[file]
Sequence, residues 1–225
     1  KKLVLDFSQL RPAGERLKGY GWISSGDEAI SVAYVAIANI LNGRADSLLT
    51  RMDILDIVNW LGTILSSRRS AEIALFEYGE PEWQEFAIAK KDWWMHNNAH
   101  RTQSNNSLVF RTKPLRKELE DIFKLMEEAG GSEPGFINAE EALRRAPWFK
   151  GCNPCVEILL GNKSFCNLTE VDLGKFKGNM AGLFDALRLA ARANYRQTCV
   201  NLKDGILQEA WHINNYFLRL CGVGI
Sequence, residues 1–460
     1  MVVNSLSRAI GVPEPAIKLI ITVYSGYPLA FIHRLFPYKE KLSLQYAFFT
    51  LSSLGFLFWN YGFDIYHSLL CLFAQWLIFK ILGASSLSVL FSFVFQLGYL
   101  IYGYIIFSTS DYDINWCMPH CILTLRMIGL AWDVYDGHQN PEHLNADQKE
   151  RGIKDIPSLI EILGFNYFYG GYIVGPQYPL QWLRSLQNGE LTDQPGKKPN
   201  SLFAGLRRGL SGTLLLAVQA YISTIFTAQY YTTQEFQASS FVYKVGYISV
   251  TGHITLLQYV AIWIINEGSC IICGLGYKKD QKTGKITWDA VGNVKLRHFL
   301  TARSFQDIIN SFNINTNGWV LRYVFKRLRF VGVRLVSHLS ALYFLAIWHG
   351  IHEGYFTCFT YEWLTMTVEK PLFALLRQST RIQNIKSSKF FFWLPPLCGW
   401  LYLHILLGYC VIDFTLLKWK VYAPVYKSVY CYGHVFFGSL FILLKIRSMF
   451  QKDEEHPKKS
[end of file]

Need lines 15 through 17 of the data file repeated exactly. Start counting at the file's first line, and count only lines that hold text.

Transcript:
   351  IHEGYFTCFT YEWLTMTVEK PLFALLRQST RIQNIKSSKF FFWLPPLCGW
   401  LYLHILLGYC VIDFTLLKWK VYAPVYKSVY CYGHVFFGSL FILLKIRSMF
   451  QKDEEHPKKS